Although its whimsical title makes it sound as though it could be a follow-up to Steve Martin’s Picasso at the Lapin Agile, a comic imagining of a meeting between the painter and Albert Einstein, Arne Glimcher’s documentary Picasso and Braque Go to the Movies essentially puts forth an academic argument. Glimcher’s thesis proposes that Cubism, the revolutionary abstract painting and collage style pioneered by Pablo Picasso and Georges Braque, grew out of a reaction to cinema. The neutral tones and deconstructed forms that defined Cubist painting were an attempt to convey motion in the manner of a film’s rolling celluloid, at least according to Glimcher and the cadre of art and film historians assembled in the film.
To state his case, Glimcher retraces cinema’s early roots to a point where it crossed paths with Picasso. He places Picasso at the Paris World’s Fair of 1900, where he would have seen a host of early films displayed, as well as the “Serpentine Dance” of Loie Fuller, which itself became a popular subject to depict on silent reels. Through mostly second- and third-hand accounts, he portrays Picasso as an early cinephile. When he meets Georges Braque, the two find more common ground in their love for cinema than in their current artistic styles (interestingly, Braque found Picasso’s Les Demoiselles d’Avignon to be offensive). As they develop the style that would come to be known as Cubism, they incorporate much of the techniques on display in the local cinema house.
Glimcher, an art dealer by trade who turned to filmmaking later in life, views this project through the lens of two passions merging together. Indeed, he has devoted considerable time and resources to making his case, not just in the film, but in an exhibition at his New York gallery in 2007 (with the more scholarly title of “Picasso, Braque, and Early Film in Cubism”). Of course, to what extent he projects his thesis onto the facts remains unclear by the film’s end. Much of the factual arguments he extols are tenuous at best, hypothetical at worst. As for the interpretive clues in Cubist painting that Glimcher offers as evidence, it could easily be counter-argued that the brilliance of the style lies in maximizing the amount of visual information contained within a painting in order to defy a simple visual interpretation.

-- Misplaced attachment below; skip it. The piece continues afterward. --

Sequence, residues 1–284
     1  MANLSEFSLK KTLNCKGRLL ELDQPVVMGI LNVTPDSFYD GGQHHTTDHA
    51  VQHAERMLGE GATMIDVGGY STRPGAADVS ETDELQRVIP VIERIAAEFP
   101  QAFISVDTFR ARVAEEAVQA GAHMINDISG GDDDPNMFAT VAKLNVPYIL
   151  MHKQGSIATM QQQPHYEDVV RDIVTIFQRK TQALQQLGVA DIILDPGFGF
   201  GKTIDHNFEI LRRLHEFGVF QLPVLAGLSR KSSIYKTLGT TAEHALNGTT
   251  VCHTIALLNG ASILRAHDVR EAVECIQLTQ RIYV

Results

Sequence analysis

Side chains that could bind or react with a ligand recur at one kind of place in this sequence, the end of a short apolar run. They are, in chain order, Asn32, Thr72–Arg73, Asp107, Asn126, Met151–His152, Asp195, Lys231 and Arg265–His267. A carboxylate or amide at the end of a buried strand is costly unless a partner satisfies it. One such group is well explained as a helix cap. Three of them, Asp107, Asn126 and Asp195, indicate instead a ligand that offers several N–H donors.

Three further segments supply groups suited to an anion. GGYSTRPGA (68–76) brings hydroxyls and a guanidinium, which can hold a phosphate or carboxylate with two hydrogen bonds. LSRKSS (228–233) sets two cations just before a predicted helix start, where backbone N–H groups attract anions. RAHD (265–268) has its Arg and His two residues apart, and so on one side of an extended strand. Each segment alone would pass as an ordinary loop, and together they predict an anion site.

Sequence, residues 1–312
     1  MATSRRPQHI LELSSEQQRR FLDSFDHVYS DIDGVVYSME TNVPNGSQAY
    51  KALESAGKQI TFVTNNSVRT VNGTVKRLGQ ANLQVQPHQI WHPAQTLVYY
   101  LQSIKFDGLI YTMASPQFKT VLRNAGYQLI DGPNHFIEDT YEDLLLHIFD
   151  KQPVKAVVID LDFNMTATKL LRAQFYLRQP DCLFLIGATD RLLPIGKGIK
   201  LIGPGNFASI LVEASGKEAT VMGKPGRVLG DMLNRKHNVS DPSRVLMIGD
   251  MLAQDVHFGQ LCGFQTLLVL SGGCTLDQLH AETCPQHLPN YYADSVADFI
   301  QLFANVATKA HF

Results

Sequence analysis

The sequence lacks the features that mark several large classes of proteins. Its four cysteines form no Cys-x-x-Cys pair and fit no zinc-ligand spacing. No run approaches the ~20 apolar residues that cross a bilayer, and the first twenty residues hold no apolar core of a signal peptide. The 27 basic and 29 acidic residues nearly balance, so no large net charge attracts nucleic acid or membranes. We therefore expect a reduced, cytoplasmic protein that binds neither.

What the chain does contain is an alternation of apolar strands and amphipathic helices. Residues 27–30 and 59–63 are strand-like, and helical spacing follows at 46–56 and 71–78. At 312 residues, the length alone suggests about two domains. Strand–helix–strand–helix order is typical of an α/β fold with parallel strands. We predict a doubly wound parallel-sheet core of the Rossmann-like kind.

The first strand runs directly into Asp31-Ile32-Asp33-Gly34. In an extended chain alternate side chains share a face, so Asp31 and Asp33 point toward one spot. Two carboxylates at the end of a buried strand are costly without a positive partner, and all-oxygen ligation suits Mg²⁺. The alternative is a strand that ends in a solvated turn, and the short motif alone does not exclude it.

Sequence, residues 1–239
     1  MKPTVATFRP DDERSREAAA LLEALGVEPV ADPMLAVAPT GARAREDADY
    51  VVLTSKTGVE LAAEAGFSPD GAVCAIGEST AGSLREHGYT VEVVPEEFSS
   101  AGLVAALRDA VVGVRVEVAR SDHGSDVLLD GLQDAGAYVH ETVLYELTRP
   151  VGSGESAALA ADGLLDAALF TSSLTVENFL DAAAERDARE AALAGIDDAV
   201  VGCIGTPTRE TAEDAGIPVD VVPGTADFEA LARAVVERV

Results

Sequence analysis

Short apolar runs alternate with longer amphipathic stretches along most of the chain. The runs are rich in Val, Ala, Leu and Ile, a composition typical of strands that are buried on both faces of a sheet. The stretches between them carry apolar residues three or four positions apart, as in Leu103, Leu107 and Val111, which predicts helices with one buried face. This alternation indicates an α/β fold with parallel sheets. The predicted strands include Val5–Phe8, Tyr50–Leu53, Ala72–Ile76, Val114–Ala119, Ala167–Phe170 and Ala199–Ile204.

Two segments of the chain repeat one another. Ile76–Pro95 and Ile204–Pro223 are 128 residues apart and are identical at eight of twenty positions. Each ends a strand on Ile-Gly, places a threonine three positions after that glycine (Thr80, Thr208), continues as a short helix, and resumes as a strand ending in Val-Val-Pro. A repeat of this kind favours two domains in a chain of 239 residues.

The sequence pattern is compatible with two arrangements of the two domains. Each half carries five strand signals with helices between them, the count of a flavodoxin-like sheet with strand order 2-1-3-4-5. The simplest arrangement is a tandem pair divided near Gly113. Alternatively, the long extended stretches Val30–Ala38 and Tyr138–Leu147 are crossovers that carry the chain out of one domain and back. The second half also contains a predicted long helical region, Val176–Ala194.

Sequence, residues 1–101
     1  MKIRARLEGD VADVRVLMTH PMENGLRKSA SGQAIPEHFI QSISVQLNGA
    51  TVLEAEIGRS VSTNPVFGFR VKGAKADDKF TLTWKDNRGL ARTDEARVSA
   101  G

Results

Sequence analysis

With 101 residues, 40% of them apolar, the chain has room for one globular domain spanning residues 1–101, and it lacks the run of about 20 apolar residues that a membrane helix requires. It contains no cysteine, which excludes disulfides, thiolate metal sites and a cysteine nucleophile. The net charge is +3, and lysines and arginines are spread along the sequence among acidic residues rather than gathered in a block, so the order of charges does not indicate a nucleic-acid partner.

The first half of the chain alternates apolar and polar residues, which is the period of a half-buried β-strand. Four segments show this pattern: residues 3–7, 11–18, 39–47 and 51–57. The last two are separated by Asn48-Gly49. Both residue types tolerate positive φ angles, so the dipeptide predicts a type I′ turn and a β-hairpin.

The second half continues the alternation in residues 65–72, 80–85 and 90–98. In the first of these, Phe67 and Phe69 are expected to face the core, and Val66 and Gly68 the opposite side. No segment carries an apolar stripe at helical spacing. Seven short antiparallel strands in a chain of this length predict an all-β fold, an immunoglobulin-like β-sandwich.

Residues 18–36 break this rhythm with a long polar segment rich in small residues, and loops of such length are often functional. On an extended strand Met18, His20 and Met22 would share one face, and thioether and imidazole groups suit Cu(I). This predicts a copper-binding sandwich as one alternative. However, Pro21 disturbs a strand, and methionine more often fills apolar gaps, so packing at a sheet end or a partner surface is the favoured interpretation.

The more interesting note that Glimcher sets forth surrounds the history of early cinema. This is what presumably tickled Martin Scorsese’s fancy in the project, and the collection of rare and restored clips is indeed impressive. Contrary to popular wisdom, and notably the influential theories of André Bazin, Glimcher convincingly makes the case that the appeal of film has always been in its ability to heighten reality rather than accurately depict it. Heavily focusing on the work of Georges Melies, the film demonstrates how early cinema succeeded by defying audience expectations of the real. The paradox that cinema, the most effective means available to show reality in its purest form, resists its natural tendencies is what Glimcher claims drives the artist’s towards further abstraction of their own work.
The cause and effect here becomes rather murky, but again, what stands out is the retrospective on silent film coupled with cinematic theory. For instance, Scorsese discussing how the idea that “a strange thing happened,” as written in the screenplay of The Departed, gets translated into the now iconic final shot has little to do with Picasso and Braque drawing inspiration from the frayed edges of early celluloid — one of the more unconvincing visual arguments proposed — but it provides both an intriguing look into Scorsese’s own artistic process and a fascinating nugget in support of the idea that cinema’s aim is to bend and twist reality in order to convey abstraction.